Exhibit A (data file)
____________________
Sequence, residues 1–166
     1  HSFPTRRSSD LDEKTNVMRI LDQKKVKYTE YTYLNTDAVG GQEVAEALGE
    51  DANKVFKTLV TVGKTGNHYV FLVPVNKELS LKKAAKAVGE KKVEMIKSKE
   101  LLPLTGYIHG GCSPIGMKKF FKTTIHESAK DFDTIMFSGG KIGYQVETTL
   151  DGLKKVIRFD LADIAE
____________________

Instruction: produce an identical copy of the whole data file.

Sequence, residues 1–166
     1  HSFPTRRSSD LDEKTNVMRI LDQKKVKYTE YTYLNTDAVG GQEVAEALGE
    51  DANKVFKTLV TVGKTGNHYV FLVPVNKELS LKKAAKAVGE KKVEMIKSKE
   101  LLPLTGYIHG GCSPIGMKKF FKTTIHESAK DFDTIMFSGG KIGYQVETTL
   151  DGLKKVIRFD LADIAE